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### Course: AP®︎/College Statistics > Unit 10

Lesson 2: Confidence intervals for proportions- Conditions for valid confidence intervals for a proportion
- Conditions for confidence interval for a proportion worked examples
- Reference: Conditions for inference on a proportion
- Conditions for a z interval for a proportion
- Critical value (z*) for a given confidence level
- Finding the critical value z* for a desired confidence level
- Example constructing and interpreting a confidence interval for p
- Calculating a z interval for a proportion
- Interpreting a z interval for a proportion
- Determining sample size based on confidence and margin of error
- Sample size and margin of error in a z interval for p

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# Example constructing and interpreting a confidence interval for p

Check conditions, calculate, and interpret a confidence interval to estimate a population proportion.

## Want to join the conversation?

- When calculating the standard error, is it better to calculate the unbiased standard deviation of the sample and divide that by the positive root of the sample size,

here sqrt( (30*(0.4)^2 + 20*(0.6)^2) / 49 / 50) = 0.0699854...,

or use the formula of the standard error of the sample distribution, using p hat as an estimate of p ?

here sqrt(0.4 * 0.6 / 50) = 0.0692820...

The two don't give the same result. Sal uses both methods in different videos without saying why, so some extra explanation would be helpful!(32 votes)- Actually, your results are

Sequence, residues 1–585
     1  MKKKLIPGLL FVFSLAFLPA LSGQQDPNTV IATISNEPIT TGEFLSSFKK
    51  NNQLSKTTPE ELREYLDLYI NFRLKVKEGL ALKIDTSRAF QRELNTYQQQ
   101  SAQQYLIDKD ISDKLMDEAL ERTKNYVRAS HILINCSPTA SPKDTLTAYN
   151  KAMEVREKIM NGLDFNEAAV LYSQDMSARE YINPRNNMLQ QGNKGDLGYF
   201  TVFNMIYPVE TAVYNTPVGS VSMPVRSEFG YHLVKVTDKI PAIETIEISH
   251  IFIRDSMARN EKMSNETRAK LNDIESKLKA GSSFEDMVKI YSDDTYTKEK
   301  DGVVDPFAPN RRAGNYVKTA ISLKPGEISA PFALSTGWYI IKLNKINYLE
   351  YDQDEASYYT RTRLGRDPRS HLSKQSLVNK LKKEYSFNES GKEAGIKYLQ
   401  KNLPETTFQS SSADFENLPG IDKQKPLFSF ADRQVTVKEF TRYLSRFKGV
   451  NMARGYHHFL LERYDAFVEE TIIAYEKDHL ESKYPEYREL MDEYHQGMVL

**equal**if you round them up to the tenth, which are both 0.07.

The similarity between the two formulas is they are**both**the formulas for calculating the**standard deviation of the sample distribution**(**sigma_x_bar**). Which is directly used to calculate the CI (confidence interval).

The difference is that the first one is for dealing with**continuous**random variable (like weight, height) and the second one is for dealing with**binary**random variable (or Bernoulli random variable - success/failure).

Up to now, the two formulas give roughly the same results, but I'd advise that in problems that deal with**continuous**random variable, we use the first formula; and in problems that deal with**binary**random variable, we use the second formula.(2 votes)

- How do we decide what method to use to estimate the Standard Error.

Method 1) Perform correction. So standard error = sqrt(p hat * (1- p hat) / (n-1) )

Method 2) Do not perform correction. Standard error = sqrt(p hat * (1- p hat) / n )(24 votes)- It's worth noting that the 'correction' here is incorrect. The actual correction would be to first find the sample standard deviation:

S = SQRT(n * p-hat * (1- p-hat)/(n-1))

then the unbiased Standard Deviation of the Sample Distribution of p-hat is:

Std deviation of p-hat = S/SQRT(n).

As others below point out, whenever population parameters are unknown, it's probably best to use the correction method to avoid bias. I'll happily defer to any experts who can give a more valid explanation.(1 vote)

- what about using ((std. dev. of sample parameter)/sqrt(n)) instead of standard error?(6 votes)
- that would be for problems that deal with continuous random variable (salary, weight, height, ...), although in this problem they give roughly the same numbers.(1 vote)

- what is the difference between s/sqrt(n) vs sqrt(p*(1-p)/n)? I believe this is the same formula but not too clear why this is the case and when to used each.(4 votes)